Data-driven decisions - The methodology

Blog | 14 Mar, 2018

 

In my opinion, ‘data-driven decisions’ is simply another way of saying ‘wiser decisions’. But what is the methodology to being data-driven when it comes to making digital marketing decisions?

 

Humans are a species that make decisions based on data
We always are, and always will be - this is instinctive. We are ‘coded’ to ensure we learn from our mistakes, which leads us to make better decisions in the future. Experience is the first and most natural source of data.

Historical data is now not sufficient
I recently bought a flat which involved plenty of data-analysis (well, being a significant purchase and commitment, I needed to ensure I was making the right decision right?) I then had to buy furniture, and since I’m aiming for longevity I was looking for the good quality pieces! Hence, I found myself browsing online for hours, reading reviews, doing price comparables, researching quality etc etc... all of this, your customers do in the very same way.

Whether we’re launching a new business or product, evolving a website or buying something online - we make data-driven choices. Consumers, marketers, business owners, creatives, architects, lawyers - all have to work from data in order to maximise their chances of achieving a satisfying result. For example, consumers do their own research prior to buying, much in the same way I did (by checking reviews, investigating the product, and looking for promotions and savings), whilst people launching a new business will investigate the market, run product analysis, testing, investigations, experiments…and so forth.

Data-driven decisions in the digital marketing field
As a Conversion Optimisation Specialist, my process with clients is no different. I need data to ensure the changes I drive are wise and focused on what matters most. So although I may have gut feelings based on previous testing with other clients, I always attach numbers to my recommendations (traffic, opportunity, why we believe it will help...) and support them with some extra user data.

At Jellyfish, we always recommend starting with an optimisation audit (basically a compilation of data investigations) with a view to providing prioritised (traffic / impact / effort) and actionable recommendations, whether this be direct implementation or testing ideas.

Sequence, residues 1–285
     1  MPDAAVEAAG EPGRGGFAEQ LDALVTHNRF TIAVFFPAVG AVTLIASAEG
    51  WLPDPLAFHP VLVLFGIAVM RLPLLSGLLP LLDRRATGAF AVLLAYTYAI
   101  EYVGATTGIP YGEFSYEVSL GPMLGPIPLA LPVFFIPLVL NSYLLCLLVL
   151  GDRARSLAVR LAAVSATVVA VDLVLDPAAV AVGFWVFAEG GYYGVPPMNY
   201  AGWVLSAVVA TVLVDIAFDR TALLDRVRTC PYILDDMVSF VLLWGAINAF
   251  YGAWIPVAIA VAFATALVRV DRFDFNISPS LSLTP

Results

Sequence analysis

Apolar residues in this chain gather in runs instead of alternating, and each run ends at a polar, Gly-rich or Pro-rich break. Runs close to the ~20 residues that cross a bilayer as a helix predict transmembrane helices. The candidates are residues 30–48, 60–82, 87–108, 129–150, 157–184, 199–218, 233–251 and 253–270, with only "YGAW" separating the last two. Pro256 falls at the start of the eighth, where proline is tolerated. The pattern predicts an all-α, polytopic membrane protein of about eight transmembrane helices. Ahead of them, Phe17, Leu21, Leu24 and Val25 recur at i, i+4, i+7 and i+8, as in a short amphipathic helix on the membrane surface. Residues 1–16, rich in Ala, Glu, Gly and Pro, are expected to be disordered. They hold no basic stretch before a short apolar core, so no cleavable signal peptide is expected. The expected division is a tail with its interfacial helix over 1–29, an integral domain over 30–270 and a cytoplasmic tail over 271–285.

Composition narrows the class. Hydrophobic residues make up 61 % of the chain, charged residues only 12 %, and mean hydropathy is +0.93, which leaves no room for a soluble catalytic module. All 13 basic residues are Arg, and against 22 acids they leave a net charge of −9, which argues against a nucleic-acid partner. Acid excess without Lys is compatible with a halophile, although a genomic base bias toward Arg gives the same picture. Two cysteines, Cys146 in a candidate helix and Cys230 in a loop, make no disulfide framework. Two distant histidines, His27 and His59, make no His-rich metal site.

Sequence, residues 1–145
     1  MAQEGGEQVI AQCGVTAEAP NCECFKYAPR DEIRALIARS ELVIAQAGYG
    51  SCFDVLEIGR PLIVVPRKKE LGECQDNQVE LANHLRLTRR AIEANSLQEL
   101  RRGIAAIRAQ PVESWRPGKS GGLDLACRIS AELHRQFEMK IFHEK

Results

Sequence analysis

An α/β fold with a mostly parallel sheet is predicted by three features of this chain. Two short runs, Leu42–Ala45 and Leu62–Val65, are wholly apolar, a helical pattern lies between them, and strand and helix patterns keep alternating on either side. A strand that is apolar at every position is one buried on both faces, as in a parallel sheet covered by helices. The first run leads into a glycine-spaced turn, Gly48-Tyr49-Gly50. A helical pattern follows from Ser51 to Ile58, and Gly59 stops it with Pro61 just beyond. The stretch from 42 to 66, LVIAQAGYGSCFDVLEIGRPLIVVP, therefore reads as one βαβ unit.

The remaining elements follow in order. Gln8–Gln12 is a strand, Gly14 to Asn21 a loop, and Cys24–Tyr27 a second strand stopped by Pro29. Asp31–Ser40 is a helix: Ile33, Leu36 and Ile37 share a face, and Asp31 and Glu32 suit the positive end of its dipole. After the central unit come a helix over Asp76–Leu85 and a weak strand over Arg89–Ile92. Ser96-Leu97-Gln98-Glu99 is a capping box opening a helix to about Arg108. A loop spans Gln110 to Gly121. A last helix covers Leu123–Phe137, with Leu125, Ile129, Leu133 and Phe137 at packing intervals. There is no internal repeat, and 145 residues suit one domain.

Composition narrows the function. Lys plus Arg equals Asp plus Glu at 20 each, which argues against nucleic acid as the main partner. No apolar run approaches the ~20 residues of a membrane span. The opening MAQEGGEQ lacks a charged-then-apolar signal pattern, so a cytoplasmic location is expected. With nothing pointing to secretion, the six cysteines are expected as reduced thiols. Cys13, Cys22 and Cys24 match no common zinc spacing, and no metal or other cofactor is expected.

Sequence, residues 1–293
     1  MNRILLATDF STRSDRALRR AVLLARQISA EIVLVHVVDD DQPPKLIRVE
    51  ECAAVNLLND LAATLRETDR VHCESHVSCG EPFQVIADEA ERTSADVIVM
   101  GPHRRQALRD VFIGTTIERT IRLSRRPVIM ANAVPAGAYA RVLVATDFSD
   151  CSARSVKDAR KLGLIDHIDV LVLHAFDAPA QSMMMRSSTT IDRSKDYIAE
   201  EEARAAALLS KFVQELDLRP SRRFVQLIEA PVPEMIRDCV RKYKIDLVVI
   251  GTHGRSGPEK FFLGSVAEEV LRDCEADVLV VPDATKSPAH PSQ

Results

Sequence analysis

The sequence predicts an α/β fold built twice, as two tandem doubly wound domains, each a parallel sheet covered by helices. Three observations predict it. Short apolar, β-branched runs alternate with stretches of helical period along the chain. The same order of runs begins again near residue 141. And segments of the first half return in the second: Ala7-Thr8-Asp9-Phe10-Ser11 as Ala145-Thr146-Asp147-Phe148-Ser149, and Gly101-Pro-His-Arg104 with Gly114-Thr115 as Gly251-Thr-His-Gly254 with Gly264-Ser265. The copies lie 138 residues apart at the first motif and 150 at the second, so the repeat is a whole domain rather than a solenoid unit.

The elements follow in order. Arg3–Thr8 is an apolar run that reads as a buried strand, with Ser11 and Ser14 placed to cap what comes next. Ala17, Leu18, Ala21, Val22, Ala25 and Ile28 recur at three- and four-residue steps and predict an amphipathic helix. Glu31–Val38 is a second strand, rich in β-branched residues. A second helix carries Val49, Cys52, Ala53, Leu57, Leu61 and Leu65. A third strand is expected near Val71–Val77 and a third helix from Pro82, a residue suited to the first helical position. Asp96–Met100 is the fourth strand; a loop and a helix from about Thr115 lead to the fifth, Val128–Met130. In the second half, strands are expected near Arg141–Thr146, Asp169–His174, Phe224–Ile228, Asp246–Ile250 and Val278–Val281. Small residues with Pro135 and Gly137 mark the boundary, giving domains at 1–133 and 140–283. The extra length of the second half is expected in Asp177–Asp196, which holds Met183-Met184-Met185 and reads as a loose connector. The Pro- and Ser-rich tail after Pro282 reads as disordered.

We investigate the historical data from analytics platforms, logs of live chats, email campaigns and any other content that seemed to be the most efficient. Then we run some new data collection and analysis including funnel analysis, product performance, user behaviour, user profiles, user journey lengths and purposes, competitor analysis, eye tracking, user testing etc. the list goes on!

All of these investigations will point towards issues, frictions and opportunities that impact most on the customer journey and from these, we create solutions whether it’s direct implementation or experimentation.

 

My three golden rules when it comes to formulating my hypothesis:

 

1. Be KPI focused
Understand Key Performance Indicators for your business and break them down so that you can turn them into goals that you can actually influence. For example, you can’t magically make money appear on an account (if you can, please reach out asap! fabien.caublot@jellyfish.net) However, you do know that you can maximise revenue by improving your sales, your average order value and your retention rate.
An example of how you could improve your average order value would be by creating a combined offer - and there you have it, one way to impact revenue.

If your actions don’t directly inherit from the KPI that you’re working against, most likely the impact won’t be the one you expected.

2. Data-driven
If you attach a number to your recommendations then you can ensure you’re always focusing on the best opportunity. Hence it’s important to understand the volumes that you are targeting, the impact you’re expecting, then the “where to act” will become very obvious.

You can have a thousand good ideas on how to improve a KPI, but only data can help you understand which one is worth focusing your efforts on.

3. Problem-solving
Last but not least, make sure that your work is problem-fixing or opportunity-oriented. Do this via a strong data analysis. Investigate your customers UX, then identify issues and frictions that actually damage their experience (and hence your KPIs). You will then see where the opportunities are, therefore giving you something solid to work against.

To guarantee a correct approach, use this popular syntax:
“I want to implement <solution>..., so that it works against <friction/problem>... since we know…<data>”

That’s all folks! Hopefully, this short guide has explained why and how to have a data-driven approach when it comes to making digital marketing decisions. I will follow up with another article around the different data tools and analysis currently available as well as the type of indicators you can get on each of them. 

 

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